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Seahawks Offensive Line a Focus This Offseason

With two starters headed towards free agency, the Seahawks have decisions to make about their offensive line.

INDIANAPOLIS – When Pete Carroll says the Seahawks have "issues" with their offensive line, don't take that the wrong way. Seattle's head coach doesn't say that to disparage the 2015 version of the offensive line, but rather because he realizes that, thanks to free agency, it's entirely possible the Seahawks will again be working a new starter or two in the mix in 2016.

As rough as things were early, with Russell Wilson being sacked 31 times through seven games, the line and the offense as a whole turned things around dramatically in the second half of the season. Over the final nine games of the season, Wilson was sacked only 14 times, and with that improved protection Wilson was able to finishing with an NFL-best 110.1 passer rating while throwing 24 touchdowns and one interception in his final eight games.

"We really did shift, and after the bye we improved tremendously," Carroll said. "Our numbers flip-flopped in terms of the pressures and sacks and things like that. We saw the productivity of our passing game just really moved. We saw Doug (Baldwin) come to light and all of Russell's numbers were crazy, that's all part of that whole transition."

But with left tackle Russell Okung and right guard J.R. Sweezy set to become unrestricted free agents come March 9 when the new league year begins, the Seahawks could be looking at another transition period next season, which is what makes upcoming offseason decisions so important. Whether it's the possibility of re-signing Okung and Sweezy or of drafting to help the line or signing players in free agency, what happens over these next few months will have a big impact on Seattle's 2016 offense.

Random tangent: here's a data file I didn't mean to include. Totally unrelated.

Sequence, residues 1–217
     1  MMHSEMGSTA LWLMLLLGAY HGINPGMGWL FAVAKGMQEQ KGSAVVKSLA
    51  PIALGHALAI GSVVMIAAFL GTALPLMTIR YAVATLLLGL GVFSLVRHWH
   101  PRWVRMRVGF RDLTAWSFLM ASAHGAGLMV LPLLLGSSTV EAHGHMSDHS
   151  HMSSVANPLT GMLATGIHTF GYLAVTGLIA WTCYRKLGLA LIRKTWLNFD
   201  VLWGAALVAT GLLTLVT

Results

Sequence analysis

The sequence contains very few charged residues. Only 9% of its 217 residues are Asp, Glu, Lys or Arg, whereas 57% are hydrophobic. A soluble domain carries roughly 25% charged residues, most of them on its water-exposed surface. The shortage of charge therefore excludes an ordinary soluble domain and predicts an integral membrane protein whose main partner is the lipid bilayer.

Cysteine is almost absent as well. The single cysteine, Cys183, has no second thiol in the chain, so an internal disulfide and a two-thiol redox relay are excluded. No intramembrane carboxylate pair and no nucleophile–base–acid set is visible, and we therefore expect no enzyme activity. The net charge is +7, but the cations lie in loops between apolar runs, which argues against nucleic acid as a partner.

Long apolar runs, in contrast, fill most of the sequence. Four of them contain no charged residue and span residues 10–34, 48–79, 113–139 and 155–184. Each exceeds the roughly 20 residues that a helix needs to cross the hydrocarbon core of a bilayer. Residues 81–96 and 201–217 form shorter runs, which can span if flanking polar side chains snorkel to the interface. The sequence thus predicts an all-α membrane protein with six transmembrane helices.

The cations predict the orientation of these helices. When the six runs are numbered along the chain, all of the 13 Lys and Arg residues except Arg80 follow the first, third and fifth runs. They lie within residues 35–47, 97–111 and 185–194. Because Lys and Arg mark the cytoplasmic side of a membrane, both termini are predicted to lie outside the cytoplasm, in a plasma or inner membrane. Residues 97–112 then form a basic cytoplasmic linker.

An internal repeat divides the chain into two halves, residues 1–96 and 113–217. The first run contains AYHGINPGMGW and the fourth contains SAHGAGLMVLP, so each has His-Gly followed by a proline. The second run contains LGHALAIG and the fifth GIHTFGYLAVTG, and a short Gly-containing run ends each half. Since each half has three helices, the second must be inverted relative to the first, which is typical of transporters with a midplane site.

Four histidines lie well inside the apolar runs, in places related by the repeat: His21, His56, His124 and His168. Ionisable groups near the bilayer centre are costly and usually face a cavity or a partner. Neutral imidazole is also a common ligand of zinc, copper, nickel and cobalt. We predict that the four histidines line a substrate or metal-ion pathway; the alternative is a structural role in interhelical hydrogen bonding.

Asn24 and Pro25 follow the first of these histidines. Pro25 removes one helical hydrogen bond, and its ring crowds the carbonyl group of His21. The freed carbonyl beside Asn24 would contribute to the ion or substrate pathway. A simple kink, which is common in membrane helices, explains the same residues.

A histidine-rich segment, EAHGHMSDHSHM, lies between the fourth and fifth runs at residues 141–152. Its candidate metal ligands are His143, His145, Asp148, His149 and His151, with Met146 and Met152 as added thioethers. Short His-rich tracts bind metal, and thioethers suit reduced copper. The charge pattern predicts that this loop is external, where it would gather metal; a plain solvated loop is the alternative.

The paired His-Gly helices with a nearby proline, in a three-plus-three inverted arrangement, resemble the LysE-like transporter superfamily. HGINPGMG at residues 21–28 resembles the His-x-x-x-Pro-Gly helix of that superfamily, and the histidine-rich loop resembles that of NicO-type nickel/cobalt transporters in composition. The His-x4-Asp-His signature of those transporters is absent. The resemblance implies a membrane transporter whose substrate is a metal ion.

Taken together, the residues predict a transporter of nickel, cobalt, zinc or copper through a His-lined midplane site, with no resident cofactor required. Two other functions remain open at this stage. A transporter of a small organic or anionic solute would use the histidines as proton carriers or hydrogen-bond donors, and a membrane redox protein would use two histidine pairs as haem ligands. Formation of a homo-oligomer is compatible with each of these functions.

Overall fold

"We still have issues," Carroll said. "We have issues now going into free agency this year, so we'll see how that all winds up, but hopefully we've made some strides that we can start at a better level next season and not have to take so long to get going. It did take us a while."

Even if the Seahawks returned everyone, it's likely they would still look to address the line. In six drafts under Carroll and general manager John Schneider, the Seahawks have used 12 of their 56 picks on offensive linemen, including at least one in every draft and three last season.

"In terms of our philosophy we are going to keep attacking it the same way we always have," Schneider said Wednesday. "(Offensive line coach Tom Cable) does a great job, he's a great teacher. (Assistant offensive line coach ) Pat Ruel is in that room too, so there is a lot of experience in there, and I think those guys do a great job of coaching up the position."

And when it comes to evaluating linemen this week and beyond, the Seahawks will be looking for more than just big, athletic guys.

"You can't just go with the most athletic, best-looking dude with the longest arms," Schneider said. "There has to be an aspect of his mental quickness, his awareness, his ability to pick up stunts and blitzes, study his opponent, be ready to play the game, and that cohesion to be able to work with the guy next to him."

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